Who was president during the Civil War? If you were from a Northern state, you answered Abraham Lincoln. If you were from a Southern state, you may have answered Jefferson Davis.
On November 6, 1861, Jefferson Davis was elected president, not of the United States of America but of the Confederate States of America. He ran unopposed and was elected to serve for a six-year term. Davis had already been serving as the temporary president for almost a year.
As a U.S. senator from Mississippi, Davis had tried to keep the Union together. When Mississippi seceded from the Union, however, Davis became a Confederate man.
With war threatening, Lincoln sent armed ships to resupply Fort Sumter in Charleston, South Carolina. Davis responded by ordering the bombing of the fort on April 12, 1861. The attack marked the beginning of the Civil War.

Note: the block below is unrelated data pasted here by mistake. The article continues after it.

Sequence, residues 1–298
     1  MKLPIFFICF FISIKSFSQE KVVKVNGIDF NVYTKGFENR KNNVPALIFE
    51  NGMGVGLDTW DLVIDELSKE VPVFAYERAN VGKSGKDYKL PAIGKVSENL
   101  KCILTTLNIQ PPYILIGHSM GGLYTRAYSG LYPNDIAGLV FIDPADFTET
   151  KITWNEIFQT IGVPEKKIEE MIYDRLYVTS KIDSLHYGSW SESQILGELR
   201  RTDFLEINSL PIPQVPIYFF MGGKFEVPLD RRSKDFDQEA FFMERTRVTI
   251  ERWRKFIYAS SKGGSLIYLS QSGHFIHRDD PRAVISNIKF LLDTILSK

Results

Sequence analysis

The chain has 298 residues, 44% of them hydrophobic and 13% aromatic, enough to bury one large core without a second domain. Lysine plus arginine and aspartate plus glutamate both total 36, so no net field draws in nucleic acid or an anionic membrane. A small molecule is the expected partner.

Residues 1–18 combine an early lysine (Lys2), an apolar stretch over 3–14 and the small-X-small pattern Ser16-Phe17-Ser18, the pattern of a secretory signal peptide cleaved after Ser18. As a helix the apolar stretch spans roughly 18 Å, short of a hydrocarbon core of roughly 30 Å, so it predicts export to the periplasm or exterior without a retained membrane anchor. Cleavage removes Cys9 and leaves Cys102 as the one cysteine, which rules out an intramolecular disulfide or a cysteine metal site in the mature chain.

Conflict over issues of how much control the federal government should have over the states, industrialization, trade, and especially slavery had increased tension between Northern and Southern states. After Abraham Lincoln was elected president in 1860, 11 Southern states seceded (or withdrew) from the Union and set up an independent government--the Confederate States of America. These events led to the outbreak of the Civil War--a brutal, bloody, four-year conflict that left the South defeated and ended slavery at the cost of more than half a million lives.